And so Winckelmann, before his intended step, seemed anxious, fearful, sorrowful and swayed by deep emotion when he thought of its probable effect, especially upon his first patron, Count Buenau. How beautiful, sincere and upright are his confidential expressions upon this point!
For every man who changes his religion is marked by a certain stigma from which it seems impossible to free him. From this it is evident that men cherish a steadfast purpose above all else, all the more so because they, divided into factions, constantly have their own safety and stability in mind. This is not a matter of feeling or conviction. We should be steadfast precisely there where fate rather than choice places us. To remain faithful to one people, one city, one Prince, one friend, one woman; to trace back everything to them; to labor, want and suffer everything for their sake—this is estimable. To desert them is hateful; inconstancy is contemptible.
Thus is indeed the harsh, the very serious side of the question, but it may also be viewed from another point of view from which it has a more pleasing and less serious aspect. Certain conditions of society, which we in no sense approve of, certain moral blemishes in others, have an especial charm for the imagination. If the comparison be permitted, we might say that it is in this matter as it is with game which, to the cultivated palate, tastes far better slightly tainted than when fresh. A divorced woman or a renegade make an especially interesting impression. Persons who would otherwise appear to be merely interesting and agreeable, now appear admirable. It cannot be denied that Winckelmann’s change of religion considerably heightens in our imagination the romantic side of his life and being.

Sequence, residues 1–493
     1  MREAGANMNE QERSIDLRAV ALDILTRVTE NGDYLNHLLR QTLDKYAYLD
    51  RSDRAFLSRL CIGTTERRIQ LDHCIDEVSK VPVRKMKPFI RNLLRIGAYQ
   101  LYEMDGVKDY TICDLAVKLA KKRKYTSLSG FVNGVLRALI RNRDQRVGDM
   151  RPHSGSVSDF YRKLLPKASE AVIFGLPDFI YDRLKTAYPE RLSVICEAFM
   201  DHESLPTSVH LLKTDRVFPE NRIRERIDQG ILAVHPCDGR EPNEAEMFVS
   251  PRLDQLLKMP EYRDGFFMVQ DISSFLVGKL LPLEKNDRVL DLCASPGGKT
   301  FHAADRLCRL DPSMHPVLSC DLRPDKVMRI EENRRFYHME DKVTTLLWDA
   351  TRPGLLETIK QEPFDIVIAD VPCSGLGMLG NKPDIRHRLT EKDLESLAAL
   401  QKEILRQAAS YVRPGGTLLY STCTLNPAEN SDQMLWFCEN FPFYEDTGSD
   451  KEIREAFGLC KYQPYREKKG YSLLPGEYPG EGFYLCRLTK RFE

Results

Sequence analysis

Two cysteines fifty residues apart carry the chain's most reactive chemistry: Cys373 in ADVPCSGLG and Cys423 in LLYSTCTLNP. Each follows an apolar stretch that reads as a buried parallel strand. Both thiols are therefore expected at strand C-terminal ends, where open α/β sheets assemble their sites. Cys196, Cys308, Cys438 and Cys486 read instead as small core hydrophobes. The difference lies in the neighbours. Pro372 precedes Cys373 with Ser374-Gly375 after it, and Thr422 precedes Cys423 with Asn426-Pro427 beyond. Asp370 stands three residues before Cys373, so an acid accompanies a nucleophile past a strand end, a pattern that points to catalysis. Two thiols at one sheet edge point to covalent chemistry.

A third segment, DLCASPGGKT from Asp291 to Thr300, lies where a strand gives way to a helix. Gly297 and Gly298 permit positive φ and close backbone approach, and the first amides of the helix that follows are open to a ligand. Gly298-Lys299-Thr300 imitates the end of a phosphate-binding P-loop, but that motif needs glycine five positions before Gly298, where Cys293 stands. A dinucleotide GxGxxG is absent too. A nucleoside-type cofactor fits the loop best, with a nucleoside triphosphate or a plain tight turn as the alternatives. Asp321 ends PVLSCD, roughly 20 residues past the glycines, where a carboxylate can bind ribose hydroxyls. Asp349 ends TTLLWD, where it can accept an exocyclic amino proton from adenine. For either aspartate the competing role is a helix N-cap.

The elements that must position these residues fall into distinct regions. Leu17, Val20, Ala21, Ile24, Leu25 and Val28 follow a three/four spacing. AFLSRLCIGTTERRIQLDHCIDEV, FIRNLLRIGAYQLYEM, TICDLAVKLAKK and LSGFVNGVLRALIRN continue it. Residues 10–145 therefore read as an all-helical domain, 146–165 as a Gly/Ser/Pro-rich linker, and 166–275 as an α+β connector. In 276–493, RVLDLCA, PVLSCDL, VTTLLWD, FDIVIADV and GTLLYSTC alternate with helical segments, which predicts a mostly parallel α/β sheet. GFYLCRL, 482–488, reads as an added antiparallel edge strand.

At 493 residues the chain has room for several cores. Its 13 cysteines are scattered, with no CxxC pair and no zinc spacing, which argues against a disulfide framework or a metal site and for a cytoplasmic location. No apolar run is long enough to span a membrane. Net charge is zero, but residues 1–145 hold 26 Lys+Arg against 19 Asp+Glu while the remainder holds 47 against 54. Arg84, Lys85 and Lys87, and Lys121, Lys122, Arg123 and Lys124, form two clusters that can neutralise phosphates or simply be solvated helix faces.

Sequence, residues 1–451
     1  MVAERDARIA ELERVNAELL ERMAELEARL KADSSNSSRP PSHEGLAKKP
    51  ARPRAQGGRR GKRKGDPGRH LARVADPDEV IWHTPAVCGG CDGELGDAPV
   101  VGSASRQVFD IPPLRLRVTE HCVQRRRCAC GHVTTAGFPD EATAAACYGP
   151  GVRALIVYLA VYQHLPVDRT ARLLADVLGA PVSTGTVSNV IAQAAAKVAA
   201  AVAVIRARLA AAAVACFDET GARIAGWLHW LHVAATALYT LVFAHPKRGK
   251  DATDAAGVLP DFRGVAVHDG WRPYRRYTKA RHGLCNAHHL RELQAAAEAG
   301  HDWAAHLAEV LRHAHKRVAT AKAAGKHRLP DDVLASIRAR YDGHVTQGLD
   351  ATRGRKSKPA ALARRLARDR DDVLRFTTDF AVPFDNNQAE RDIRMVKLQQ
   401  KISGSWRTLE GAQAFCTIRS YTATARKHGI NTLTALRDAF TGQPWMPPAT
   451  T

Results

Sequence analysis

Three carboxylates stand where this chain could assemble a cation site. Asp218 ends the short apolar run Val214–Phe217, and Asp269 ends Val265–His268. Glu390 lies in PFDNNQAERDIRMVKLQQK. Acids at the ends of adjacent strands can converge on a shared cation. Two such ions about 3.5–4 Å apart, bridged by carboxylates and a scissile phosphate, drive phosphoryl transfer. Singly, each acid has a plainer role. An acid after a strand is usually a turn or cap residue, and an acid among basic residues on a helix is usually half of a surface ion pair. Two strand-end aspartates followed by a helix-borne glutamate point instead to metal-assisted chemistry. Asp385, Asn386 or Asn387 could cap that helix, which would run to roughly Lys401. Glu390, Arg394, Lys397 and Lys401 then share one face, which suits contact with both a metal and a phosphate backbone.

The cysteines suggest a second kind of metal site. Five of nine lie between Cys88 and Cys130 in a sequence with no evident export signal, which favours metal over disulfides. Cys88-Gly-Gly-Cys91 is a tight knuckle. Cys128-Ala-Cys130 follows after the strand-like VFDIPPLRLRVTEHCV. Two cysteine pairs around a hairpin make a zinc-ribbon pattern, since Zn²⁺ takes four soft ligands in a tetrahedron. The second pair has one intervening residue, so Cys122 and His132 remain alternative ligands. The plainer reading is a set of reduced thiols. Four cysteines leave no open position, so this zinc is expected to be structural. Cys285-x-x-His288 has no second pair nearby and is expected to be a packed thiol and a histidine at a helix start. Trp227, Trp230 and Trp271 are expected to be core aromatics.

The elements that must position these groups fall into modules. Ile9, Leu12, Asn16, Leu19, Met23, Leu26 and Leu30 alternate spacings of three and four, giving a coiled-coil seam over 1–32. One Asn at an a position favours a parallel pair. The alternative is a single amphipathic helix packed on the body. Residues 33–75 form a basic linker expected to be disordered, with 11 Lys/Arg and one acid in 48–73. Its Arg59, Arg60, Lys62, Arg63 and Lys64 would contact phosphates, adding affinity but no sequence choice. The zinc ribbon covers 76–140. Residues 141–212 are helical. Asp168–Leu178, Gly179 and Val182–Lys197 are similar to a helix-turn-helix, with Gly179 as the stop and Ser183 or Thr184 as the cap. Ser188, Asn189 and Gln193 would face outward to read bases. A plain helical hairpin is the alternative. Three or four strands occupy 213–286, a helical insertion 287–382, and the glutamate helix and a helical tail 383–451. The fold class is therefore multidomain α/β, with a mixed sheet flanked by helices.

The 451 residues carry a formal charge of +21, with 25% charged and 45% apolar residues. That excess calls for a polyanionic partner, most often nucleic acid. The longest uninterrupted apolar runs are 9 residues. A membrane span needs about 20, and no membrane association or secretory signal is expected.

But to Winckelmann himself the Catholic religion presented nothing attractive. He saw in it only the masquerade dress which he threw around him, and expressed himself bitterly enough about it. Even at a later period he does not seem to have sufficiently observed its usages, and by loose speech he perhaps made himself suspicious to devout believers—here and there at least a slight fear of the Inquisition is perceptible.
The transition from literature, even from the highest things that have been expressed in word and language, from poetry and rhetoric, to the plastic and graphic arts is difficult, indeed almost impossible. For there lies between the two a tremendous chasm, over which only a specially adapted nature can help us. We have now a sufficiently large number of documents lying before us to enable us to judge how far Winckelmann succeeded in doing this.
Through the joy of appreciation he was first attracted to the treasures of art; but in order to use and judge them, he required artists as intermediaries, whose more or less authoritative opinions he was able to comprehend, revise, and express. In this manner originated his treatise Concerning the Imitation of Greek Masterpieces in Painting and Sculpture, with two appendices, published while he was still in Dresden.